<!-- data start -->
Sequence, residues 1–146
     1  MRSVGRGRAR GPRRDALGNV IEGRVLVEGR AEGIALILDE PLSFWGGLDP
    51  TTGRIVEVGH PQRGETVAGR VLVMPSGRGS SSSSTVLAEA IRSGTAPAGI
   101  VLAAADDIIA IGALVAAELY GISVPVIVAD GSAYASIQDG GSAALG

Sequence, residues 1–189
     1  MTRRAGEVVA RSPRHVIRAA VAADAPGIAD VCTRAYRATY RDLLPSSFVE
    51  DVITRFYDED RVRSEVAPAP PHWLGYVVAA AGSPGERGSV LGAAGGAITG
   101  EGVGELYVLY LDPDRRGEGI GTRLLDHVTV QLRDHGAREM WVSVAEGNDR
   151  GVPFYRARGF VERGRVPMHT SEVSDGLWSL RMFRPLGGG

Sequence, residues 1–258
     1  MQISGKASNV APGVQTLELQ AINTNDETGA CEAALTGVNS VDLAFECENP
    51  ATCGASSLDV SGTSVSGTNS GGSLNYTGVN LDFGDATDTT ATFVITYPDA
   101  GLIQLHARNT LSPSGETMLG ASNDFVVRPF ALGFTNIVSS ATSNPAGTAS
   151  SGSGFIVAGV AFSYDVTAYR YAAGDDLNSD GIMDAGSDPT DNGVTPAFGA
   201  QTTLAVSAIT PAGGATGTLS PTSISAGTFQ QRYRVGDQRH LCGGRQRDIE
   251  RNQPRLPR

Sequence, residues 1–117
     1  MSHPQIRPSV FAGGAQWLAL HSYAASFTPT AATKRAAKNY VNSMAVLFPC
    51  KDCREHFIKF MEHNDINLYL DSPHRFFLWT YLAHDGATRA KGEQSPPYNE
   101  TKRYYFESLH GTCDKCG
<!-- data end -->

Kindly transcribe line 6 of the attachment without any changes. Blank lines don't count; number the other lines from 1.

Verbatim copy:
     1  MTRRAGEVVA RSPRHVIRAA VAADAPGIAD VCTRAYRATY RDLLPSSFVE